29 June 2012

Thence I Went: to Broughton Castle

Broughton Castle is a very special stop on my journey to retrace Celia Fiennes's travels because it was - and still is - the home of her family; her grandfather, the first Viscount Saye and Sele, lived here and is buried in the adjoining 14th century church. He was followed by Celia's older half-brother, then her nephew, who each inherited the title and estate. She visited often, undoubtedly more often than the journeys noted in her diary, and compares other country houses to its splendor. One look and it's easy to see why.

Broughton Castle, June 2012
I first visited Broughton back in May with some fellow gardeners who kindly indulged me as I abandoned them to meet Lord and Lady Saye and have a look at the manuscript of Celia's diary. As we drove through Oxfordshire and especially through the village of Banbury, I kept wondering how many times she had ridden through the same streets and lanes? How many of the ancient stone houses and churches would still be familiar to her? Had she seen the fields in spring blazing with rapeseed like we did?


I think Celia would approve of the way the castle has been restored, for even she described it as being "much left to decay and ruine" when her brother inherited. It was first built in 1306 by Sir John de Broughton and sold to William of Wyckham, Bishop of Winchester in 1377. It was a descendant of his, Margaret, who married Sir William Fiennes, second Lord Saye and Sele, and the castle has been in the Fiennes family ever since. The castle has undergone subsequent additions, remodels and renovations, alternately falling into a state of decay then being rescued by following generations. During the Civil War the castle was even occupied by Royalist forces (William Fiennes, Celia's grandfather, was one of the leading activists against the Crown).

Today it is still very much a family home, lived in, cared for, and appreciated by the many visitors who are often greeted by Lord and Lady Saye themselves. And may I say, they are absolutely delightful and were most generous in letting me see the diary on such short notice. Holding the diary, written by Celia herself over 300 years ago, and seeing her handwriting - so tiny and close - is a thrill I will never forget. Books bring an author's personality to life but seeing the original manuscript in her own hand just makes the writer more 'real'. It's awe-inspiring and very humbling to be able to actually touch a piece of history like this.

Me and Celia at the Broughton Gatehouse
I returned in June at Lady Saye's suggestion to see the garden at its peak. The walled Ladies' Garden, which is just over one hundred years old, is as romantic as the castle with roses spilling over archways, double clematis tumbling through borders, the heads of allium nodding in the breeze, and waves of lavender within box fleur-de-lis, all within the honeyed glow of an ancient brick wall.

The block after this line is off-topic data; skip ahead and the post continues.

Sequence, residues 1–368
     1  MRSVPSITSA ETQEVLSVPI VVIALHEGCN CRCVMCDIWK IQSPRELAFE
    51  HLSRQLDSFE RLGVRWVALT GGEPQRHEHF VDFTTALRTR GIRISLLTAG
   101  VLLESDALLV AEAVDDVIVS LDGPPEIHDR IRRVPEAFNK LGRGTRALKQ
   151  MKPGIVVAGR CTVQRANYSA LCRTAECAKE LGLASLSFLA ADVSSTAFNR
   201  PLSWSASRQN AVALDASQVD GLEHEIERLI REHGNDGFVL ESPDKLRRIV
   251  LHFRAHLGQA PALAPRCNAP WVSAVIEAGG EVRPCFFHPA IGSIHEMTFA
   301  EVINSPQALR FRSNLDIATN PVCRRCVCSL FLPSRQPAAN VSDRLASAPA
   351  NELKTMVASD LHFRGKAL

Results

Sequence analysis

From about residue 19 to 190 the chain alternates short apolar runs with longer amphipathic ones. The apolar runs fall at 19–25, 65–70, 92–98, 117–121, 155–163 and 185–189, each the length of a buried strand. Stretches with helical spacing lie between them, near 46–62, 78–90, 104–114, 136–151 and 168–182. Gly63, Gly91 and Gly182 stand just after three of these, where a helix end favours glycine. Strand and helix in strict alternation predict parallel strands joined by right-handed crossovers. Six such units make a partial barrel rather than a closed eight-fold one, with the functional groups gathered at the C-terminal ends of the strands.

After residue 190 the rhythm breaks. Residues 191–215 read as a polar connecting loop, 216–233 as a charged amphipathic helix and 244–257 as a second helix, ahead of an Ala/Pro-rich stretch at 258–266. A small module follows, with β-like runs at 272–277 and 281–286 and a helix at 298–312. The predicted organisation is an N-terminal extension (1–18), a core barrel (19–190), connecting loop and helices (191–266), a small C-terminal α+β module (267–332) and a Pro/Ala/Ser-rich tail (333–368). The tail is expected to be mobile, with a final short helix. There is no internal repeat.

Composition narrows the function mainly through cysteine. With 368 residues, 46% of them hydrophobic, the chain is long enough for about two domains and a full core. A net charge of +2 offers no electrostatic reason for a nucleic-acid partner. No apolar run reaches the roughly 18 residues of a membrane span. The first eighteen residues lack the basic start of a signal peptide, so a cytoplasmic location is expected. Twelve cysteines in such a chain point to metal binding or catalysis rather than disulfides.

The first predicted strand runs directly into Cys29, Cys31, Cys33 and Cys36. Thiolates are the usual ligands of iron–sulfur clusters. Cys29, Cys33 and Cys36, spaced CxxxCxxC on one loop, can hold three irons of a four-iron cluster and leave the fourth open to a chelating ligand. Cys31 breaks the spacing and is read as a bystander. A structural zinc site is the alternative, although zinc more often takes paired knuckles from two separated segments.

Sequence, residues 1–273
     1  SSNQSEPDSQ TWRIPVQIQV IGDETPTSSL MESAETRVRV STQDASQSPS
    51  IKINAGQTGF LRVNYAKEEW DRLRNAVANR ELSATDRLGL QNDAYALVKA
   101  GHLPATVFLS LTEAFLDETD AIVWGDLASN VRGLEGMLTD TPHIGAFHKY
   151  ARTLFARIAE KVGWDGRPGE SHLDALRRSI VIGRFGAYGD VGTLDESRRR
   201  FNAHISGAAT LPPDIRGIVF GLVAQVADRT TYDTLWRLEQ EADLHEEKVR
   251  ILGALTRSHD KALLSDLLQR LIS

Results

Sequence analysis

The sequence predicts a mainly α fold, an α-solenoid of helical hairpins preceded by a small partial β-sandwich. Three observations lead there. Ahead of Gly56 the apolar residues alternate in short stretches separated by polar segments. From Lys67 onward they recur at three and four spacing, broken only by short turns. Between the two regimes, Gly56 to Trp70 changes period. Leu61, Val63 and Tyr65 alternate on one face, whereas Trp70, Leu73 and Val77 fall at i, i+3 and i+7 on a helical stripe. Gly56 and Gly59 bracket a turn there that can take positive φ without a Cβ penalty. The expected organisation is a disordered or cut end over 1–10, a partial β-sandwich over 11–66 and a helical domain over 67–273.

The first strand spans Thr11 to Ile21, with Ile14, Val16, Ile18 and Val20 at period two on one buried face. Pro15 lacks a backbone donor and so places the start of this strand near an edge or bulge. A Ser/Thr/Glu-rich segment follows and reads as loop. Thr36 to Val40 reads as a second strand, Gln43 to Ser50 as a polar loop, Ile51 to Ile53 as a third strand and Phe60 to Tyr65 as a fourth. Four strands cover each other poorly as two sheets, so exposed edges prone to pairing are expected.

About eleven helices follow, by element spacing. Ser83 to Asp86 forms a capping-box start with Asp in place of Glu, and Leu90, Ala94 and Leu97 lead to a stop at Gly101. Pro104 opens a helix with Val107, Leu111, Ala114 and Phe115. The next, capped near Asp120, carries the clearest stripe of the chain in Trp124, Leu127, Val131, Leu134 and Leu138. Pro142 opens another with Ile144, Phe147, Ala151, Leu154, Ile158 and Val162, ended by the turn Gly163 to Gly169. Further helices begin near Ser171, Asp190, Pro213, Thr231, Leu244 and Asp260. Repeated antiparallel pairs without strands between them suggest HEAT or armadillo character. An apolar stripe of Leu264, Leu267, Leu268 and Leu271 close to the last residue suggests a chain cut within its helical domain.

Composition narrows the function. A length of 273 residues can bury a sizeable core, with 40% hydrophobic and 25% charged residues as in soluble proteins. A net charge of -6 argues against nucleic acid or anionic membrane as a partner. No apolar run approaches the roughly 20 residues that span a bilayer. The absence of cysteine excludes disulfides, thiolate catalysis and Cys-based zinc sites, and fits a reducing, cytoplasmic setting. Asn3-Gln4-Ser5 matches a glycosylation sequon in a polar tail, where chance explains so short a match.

The Ladies' Garden seen through the south gateway
The enclosed garden is only half an acre but with the borders outside the wall and along the moat, it feels larger. The views from without the wall are spectacular, stretching across the water to the countryside beyond, or bounded by rolling hills grazed by longhorned cattle and sheep, punctuated by huge oaks. A group from a local girls' school was being shown around while I was there and I heard several of the girls exclaim they wanted to be married here. Me, too!

Long border on the west parapet wall

The Ladies' Garden in summer
The best way to see the garden is from the roof. A tour of the house is essential to earn a view like this, and I wasn't going to miss it.


As I toured the rooms, marveling at the 15th century armor, portraits of ancestors and Civil War artifacts, what really struck me was the modern furniture in some of the rooms. This is no museum house sealed in aspic. It and its inhabitants have embraced both past and present and I'm reminded that when it comes to well crafted antique furniture in antique houses, there was a time when it, too, was modern.

Hand crafted oak bed and side table in the King's Room by Robin Furlong c.1992

Part of the upstairs gallery with portraits of the family
 I hope to be able to return to Broughton again and again over the years, to see how it changes and evolves. I always think it must be a daunting thing to keep a house like this going from generation to generation, and I'm sure there are more than a few challenges, but Lord and Lady Saye are justifiably proud of their inheritance and are genuinely keen to share it with others. I am indebted to them for allowing me to spend time with Celia, who I hope to know better and better as time goes on.


Broughton Castle is located about 3 miles from the village of Banbury in Oxfordshire, on the Shipston-on-Stour road from Oxford. If taking public transport from Oxford in the south, you can try the local bus (timetable here) but I'm told these can be unreliable. Trains run regularly from Oxford and a taxi from the station will run about £8 each way. From North Newington public footpaths will take you through the park.

The house and gardens are only open a few days a week in spring and summer, so check the Broughton Castle website for visitor information.

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